Today, I consider myself an extremely happy person, but it hasn't always been that way. The truth is that I've made HUGE strides to be where I am today. I had to dig deep inside myself to access authentic joy, the kind that cannot be manufactured by false promises and one-night-stand mantras spit out by pop psychologists.
If you feel depressed, or if your life doesn't make sense right now, you're not alone. Many people have feelings of self-hate, regret and depression.
So what's the real problem?
What's the source of this mass unhappiness?
Why are we all running around trying so hard to "get" happy?
Could it be that our frantic pace is indeed what's causing to our lack of joy?
Could it be that we're all looking for answers in the wrong places?
As a self-help author with a book on how to Find Your Happy, I find it incredibly rewarding to help people reach a state of more joy. But there's a downside to the pursuit of happiness, and most self-help authors, teachers and speakers gloss over it: happiness is a way of life, not a destination.
So many of us approach happiness as a goal: "We have to get happy to be happy." But happiness is not "out there" somewhere; it's already inside all of us. It's our job to remove the barriers, limiting beliefs, fears and insecurities keeping us from accessing the lasting joy. But this removal process can be fun. It can be play. The more we access our own source of happiness, the happier we'll be.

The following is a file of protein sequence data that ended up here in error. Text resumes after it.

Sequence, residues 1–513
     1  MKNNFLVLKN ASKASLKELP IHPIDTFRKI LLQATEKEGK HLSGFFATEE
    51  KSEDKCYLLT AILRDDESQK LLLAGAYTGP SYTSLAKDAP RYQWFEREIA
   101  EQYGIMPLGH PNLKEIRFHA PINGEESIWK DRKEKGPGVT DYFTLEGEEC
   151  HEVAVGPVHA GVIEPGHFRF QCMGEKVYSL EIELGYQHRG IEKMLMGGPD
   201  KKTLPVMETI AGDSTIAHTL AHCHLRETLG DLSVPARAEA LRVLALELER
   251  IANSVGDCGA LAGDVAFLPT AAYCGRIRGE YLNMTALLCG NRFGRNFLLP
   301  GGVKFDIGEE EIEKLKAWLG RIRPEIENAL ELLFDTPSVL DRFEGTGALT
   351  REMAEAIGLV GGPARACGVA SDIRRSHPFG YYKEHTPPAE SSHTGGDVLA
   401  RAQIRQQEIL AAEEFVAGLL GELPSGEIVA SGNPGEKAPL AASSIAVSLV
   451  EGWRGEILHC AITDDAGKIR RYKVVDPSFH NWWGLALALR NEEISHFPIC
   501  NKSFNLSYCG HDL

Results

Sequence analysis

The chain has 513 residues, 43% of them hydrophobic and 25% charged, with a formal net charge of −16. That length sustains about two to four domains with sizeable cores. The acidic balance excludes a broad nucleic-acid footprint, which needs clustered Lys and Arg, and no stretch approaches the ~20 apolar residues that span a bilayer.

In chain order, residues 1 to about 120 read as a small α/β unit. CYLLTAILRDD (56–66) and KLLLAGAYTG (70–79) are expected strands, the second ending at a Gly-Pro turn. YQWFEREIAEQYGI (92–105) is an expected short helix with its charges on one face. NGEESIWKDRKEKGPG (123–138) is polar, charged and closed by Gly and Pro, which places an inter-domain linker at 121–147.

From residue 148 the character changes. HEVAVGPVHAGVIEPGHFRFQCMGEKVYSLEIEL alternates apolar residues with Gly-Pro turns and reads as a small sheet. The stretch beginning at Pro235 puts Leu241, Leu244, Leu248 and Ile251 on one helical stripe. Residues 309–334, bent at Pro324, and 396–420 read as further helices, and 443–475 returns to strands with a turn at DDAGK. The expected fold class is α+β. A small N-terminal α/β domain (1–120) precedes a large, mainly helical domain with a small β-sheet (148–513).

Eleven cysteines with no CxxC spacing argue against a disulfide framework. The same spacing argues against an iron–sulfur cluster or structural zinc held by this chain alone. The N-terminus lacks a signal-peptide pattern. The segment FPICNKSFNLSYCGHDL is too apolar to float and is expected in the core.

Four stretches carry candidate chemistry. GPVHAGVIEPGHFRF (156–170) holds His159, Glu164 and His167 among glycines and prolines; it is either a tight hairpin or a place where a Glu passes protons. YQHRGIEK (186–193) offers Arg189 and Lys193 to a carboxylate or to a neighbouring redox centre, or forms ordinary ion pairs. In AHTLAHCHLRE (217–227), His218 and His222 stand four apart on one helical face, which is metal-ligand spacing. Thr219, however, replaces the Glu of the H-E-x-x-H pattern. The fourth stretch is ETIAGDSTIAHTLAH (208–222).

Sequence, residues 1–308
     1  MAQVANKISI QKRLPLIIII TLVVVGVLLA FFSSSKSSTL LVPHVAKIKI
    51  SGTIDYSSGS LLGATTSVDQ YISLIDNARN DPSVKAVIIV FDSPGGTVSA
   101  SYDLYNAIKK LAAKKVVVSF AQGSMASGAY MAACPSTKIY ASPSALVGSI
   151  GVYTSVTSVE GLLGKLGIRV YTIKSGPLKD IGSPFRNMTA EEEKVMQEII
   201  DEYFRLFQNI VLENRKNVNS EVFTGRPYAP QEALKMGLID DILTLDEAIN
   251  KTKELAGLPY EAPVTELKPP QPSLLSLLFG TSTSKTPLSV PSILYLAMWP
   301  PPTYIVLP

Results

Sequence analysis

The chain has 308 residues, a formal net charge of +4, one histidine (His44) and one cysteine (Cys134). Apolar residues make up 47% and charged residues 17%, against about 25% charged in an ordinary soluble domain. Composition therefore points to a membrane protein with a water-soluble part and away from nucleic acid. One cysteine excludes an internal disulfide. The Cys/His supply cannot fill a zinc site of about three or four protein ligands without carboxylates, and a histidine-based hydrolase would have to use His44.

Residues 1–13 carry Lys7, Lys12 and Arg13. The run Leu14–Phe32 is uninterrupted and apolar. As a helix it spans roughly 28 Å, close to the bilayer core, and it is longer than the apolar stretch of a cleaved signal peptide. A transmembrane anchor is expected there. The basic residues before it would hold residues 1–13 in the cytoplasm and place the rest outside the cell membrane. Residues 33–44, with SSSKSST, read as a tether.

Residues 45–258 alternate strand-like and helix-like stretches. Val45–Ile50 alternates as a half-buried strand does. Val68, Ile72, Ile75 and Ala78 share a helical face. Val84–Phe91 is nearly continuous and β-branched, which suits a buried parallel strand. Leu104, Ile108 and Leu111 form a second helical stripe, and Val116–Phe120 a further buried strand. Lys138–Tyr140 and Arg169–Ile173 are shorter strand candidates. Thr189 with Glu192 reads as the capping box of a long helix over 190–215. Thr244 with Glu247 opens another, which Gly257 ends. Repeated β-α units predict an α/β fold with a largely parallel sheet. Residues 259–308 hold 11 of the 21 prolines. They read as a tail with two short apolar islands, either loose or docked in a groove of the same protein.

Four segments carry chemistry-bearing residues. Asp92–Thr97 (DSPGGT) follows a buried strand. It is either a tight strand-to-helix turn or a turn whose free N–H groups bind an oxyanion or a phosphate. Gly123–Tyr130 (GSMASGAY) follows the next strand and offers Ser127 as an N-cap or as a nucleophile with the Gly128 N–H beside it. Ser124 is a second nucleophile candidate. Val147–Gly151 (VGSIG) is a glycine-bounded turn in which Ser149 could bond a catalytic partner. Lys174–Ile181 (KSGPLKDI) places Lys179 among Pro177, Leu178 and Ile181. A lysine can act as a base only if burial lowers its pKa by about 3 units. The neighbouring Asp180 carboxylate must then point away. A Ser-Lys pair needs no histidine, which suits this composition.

When I was depressed and stuck in life, I would read articles about happiness, hoping it would be my magic bullet. I was always looking for that "happiness hit" to pull me out of my own darkness. But that method in itself is what kept me from accessing lasting joy.
Accessing lasting happiness is a process and a lifestyle; it's not a one-hit wonder drug. The "pursuit of happiness" is indeed what keeps most of us from being happy.
If you feel as if you're constantly trying to be happy but don't see any results, these tips can help.
1. Avoid self-blame.
When people mistakenly buy into the overblown claims of instant happiness, they can begin habits of self-blame and fear of failure, especially when they don't achieve the outcome they've been promised. Instead of going to self-blame, recognize that there are great lessons to learn in the struggle.
2. Pump-up daily.
The more you can access happiness from within, the easier it becomes. It's a lot like a muscle: you have to work it out daily in order to strengthen it. One way to do this quickly is to do what you love daily.
3. Stop trying to get happy and just be.
Recognize that all of the work you're doing is part of the bigger picture. The books you read, the people you talk to and the lectures you attend are all part of the healing process. When we approach happiness as a lifestyle rather than a "got to get there" destination, we can recognize it's already with us. It is like eating a healthy diet — we don't eat a healthy diet to get healthy, we eat a healthy diet to BE healthy. Happiness is the same way.
4. Follow your nudges.
The most important part of accessing lasting joy is to trust your own heart. The nudges you get daily are your indicators to help guide you to true happiness. The inner pull from your heart that says, go buy that book, call that friend or go for a nature walk is the inner voice that knows you better than the outside world. The key to accessing lasting joy is to honor those nudges and let them be your own best friend.
How are you creating a life of more joy and happiness? I would love to hear your comments on this topic below.